What happens when the government decides you aren’t smart enough to handle more than a simple, direct, but incomplete story? What happens when that story is about an enterprise big enough to sink the state’s finances?
In 2018, Colorado’s legislature passed Senate Bill 200, a comprehensive reform of the state’s Public Employees Retirement Association (PERA). The legislature acted because credit rating agencies had informed the markets that Colorado’s chronically troubled pensions had the potential to affect the state’s credit worthiness.
The stated goal was to have the pensions fully funded by 2048. To monitor progress toward that goal, the law established a joint legislative subcommittee composed of four legislators and nine appointed citizen experts. The panel is charged with asking critical questions of PERA and with making recommendations to the board and the legislature’s Pension Review Committee. I serve as the Republican House Minority appointee on that committee.
The subcommittee also writes an annual letter to the citizens of the state detailing progress toward that all-important funding goal. The letter includes, among other things, PERA’s funded ratio and whether the amortization period – based on a constant rate of return – indicates full funding by the 2048 target date.
But PERA also reports the year-end market value of its assets in the actuarial section of its Comprehensive Annual Financial Report (CAFR). This year, that number happens to be lower than the smoothed assets, so its funded ratio using the market value would be lower. Since actuarial smoothing recognizes pension returns over a four-year period rather than all at once, it is less vulnerable to sharp annual changes. But it also means that the funded ratio can actually increase in years following poor returns.
In addition, PERA’s actuary runs a statistical Monte Carlo simulation (the “Signal Light Report”) to estimate the likelihood of reaching full funding on time. This year, the report differs significantly from PERA’s confident assertion. It gives the two largest divisions, for school and sate government retirees, a little better than 40% chance of reaching full finding by 2048, estimating a more likely date as 2068, a generation later. Clearly, the Signal Light Report tells you the most in years when it differs from PERA’s standard model.
In the Monday, August 28 meeting, I proposed adding three elements to the letter to Colorado’s citizens. First, the previous year’s rate of return, and the average return over the last 30 years. Second, the market value of assets at the end of the fiscal year and the funded ratio based on that number. Finally, a one-line summary of the Signal Light report stating the expected date of full-funding and the simulation’s estimate of how likely a 2048 target date was.
Nowhere did I propose removing existing information, only to provide additional, relevant information to taxpayers who are on the hook for PERA commitments.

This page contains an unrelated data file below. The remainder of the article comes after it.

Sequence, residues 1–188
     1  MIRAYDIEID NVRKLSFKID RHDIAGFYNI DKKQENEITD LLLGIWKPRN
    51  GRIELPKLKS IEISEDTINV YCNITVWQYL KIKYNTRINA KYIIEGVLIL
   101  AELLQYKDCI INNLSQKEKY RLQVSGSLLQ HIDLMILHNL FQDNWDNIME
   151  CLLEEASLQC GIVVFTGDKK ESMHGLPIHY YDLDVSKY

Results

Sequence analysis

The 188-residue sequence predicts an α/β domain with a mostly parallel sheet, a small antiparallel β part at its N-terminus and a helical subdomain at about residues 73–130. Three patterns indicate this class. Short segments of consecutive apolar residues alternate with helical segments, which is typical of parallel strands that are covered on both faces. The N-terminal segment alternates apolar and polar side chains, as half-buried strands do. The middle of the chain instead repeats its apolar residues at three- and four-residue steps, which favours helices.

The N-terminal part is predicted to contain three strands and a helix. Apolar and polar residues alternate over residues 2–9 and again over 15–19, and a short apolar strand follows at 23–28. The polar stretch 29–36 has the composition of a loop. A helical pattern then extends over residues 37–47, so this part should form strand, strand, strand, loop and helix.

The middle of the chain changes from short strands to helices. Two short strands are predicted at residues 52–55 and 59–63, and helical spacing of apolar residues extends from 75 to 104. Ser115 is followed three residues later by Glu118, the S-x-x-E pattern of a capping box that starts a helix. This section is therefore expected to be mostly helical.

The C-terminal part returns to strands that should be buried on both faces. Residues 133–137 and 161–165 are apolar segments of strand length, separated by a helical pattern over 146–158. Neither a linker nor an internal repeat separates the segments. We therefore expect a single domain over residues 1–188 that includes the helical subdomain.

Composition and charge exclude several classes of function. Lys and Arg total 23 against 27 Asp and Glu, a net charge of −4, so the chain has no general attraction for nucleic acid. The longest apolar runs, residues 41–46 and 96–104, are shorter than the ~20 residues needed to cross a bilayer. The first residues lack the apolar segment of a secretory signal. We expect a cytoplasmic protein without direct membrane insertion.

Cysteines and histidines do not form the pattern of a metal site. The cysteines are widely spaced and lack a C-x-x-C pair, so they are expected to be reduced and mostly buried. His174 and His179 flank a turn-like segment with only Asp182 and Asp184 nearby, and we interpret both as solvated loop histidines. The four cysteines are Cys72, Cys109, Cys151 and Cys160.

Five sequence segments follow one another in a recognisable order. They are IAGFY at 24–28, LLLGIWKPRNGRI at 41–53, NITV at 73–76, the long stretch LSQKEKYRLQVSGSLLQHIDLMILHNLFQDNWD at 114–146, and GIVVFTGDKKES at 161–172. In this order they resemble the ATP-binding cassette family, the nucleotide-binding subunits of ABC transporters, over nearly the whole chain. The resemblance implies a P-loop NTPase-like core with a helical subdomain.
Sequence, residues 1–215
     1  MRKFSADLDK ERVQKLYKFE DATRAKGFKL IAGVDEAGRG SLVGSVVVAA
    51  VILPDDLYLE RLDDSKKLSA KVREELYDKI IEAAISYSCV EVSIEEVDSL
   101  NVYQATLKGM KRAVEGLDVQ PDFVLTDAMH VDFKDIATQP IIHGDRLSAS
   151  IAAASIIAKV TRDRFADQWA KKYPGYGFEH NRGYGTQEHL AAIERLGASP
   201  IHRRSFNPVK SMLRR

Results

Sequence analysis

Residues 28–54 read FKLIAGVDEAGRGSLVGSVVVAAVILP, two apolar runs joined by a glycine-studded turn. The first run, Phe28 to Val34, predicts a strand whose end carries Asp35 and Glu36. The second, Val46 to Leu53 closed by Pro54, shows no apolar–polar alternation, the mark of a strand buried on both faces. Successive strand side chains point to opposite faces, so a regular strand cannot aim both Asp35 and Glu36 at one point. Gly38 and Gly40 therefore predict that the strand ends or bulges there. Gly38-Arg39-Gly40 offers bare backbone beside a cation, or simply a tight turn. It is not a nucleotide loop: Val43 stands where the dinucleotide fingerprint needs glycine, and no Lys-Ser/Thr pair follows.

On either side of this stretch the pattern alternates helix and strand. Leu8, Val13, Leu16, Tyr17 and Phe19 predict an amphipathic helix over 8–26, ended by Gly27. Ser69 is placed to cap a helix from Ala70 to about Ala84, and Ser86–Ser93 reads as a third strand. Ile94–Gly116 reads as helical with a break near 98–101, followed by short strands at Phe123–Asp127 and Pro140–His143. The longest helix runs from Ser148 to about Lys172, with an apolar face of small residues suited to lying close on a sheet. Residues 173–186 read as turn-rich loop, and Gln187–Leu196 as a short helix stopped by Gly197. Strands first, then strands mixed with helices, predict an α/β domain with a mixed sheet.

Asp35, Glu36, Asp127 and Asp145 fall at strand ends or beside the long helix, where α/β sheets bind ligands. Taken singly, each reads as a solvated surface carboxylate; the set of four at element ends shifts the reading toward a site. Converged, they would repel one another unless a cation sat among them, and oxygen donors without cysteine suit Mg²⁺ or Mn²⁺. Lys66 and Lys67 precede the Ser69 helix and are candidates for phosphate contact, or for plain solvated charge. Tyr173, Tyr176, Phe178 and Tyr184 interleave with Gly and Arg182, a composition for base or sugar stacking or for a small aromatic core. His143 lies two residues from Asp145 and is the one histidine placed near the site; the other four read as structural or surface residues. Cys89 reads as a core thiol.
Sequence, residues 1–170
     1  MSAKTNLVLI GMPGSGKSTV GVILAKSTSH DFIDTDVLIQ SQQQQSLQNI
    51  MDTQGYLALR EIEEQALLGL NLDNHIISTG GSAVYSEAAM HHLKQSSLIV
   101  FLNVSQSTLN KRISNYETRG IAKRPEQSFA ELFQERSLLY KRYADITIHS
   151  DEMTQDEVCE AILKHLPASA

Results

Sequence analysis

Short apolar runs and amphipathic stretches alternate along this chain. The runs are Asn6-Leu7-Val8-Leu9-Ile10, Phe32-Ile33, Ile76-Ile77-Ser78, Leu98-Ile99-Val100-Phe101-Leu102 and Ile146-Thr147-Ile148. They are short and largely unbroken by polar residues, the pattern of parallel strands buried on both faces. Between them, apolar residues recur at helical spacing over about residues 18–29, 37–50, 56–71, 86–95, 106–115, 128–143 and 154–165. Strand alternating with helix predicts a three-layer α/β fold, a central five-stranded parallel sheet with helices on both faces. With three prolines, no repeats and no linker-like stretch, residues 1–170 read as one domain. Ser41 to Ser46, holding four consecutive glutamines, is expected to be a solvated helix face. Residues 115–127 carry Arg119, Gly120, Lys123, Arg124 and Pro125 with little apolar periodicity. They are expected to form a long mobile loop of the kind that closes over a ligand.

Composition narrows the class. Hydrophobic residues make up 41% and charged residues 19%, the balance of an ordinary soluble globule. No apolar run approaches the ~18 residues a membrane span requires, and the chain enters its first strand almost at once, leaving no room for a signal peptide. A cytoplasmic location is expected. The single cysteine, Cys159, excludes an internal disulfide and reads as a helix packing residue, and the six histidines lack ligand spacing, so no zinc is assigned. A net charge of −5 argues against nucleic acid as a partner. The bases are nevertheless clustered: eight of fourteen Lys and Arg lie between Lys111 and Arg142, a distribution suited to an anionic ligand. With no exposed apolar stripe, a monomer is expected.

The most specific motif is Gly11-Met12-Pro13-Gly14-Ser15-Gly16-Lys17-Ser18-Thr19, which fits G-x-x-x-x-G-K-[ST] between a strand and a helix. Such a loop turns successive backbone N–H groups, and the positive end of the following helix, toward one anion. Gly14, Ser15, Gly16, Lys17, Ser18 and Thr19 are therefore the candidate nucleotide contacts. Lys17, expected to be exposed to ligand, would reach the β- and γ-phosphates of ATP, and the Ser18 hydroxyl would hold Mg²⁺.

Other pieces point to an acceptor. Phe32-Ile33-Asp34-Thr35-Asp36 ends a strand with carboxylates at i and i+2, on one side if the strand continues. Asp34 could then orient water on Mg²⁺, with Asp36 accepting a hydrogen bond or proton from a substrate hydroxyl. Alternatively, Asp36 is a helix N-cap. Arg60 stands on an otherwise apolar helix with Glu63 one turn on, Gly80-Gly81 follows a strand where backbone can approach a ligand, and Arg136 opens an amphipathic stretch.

The Republicans on the committee differed in their assessments of each motion; the Democrats voted lock-step against all of them, arguing that the data was irrelevant and it would simply confuse citizens.
Particularly hostile to the idea was a former president of the Boulder Valley Education Association and elected member of PERA’s Board of Trustees from 2017-2022, Tina Mueh. Her opposition was ironic, because in her time on the Board, she voted to “confuse” people in exactly the same way as she opposed in committee.
The ‘year in review’ page the Board started to include in the CAFR during her tenure is shown in figure 1.
The Assets Under Management are the end-of-year market value, while the Funded Status is calculated with the smoothed asset value. Note that neither is labeled.
PERA’s CAFR deservedly receives awards for organization, clarity, and completeness. The Board’s decision to include that “confusing” information stand outs by contrast.
Mrs. Mueh is also now a candidate for partisan office, something that was officially announced after she joined the subcommittee, and never mentioned in meetings. This is not a legal issue – subcommittee member Lang Sias ran for state treasurer last year. But her time on the Board is a significant presence on her campaign website.
Possessed of the teachers unions’ traditional hostility to transparency and attachment to the unsustainable defined benefit pension model, Mueh also made noises about removing the per-person unfunded liability. That number has been one of the most effective tools nationally in alerting people to the state of public pensions. It is included in the letter by law. The content of one of Mrs. Mueh’s bills, should she be elected, is left as an exercise to the reader.
A committee dedicated to impartial pension financial analysis cannot survive political agendas designed to shield a pension from scrutiny.
Joshua Sharf is senior fellow in fiscal policy at the Independence Institute, a free market think tank in Denver.
Our unofficial motto at Complete Colorado is “Always free, never fake, ” but annoyingly enough, our reporters, columnists and staff all want to be paid in actual US dollars rather than our preferred currency of pats on the back and a muttered kind word. Fact is that there’s an entire staff working every day to bring you the most timely and relevant political news (updated twice daily) from around the state on Complete’s main page aggregator, as well as top-notch original reporting and commentary on Page Two.
CLICK HERE TO LADLE A LITTLE GRAVY ON THE CREW AT COMPLETE COLORADO. You’ll be giving to the Independence Institute, the not-for-profit publisher of Complete Colorado, which makes your donation tax deductible. But rest assured that your giving will go specifically to the Complete Colorado news operation. Thanks for being a Complete Colorado reader, keep coming back.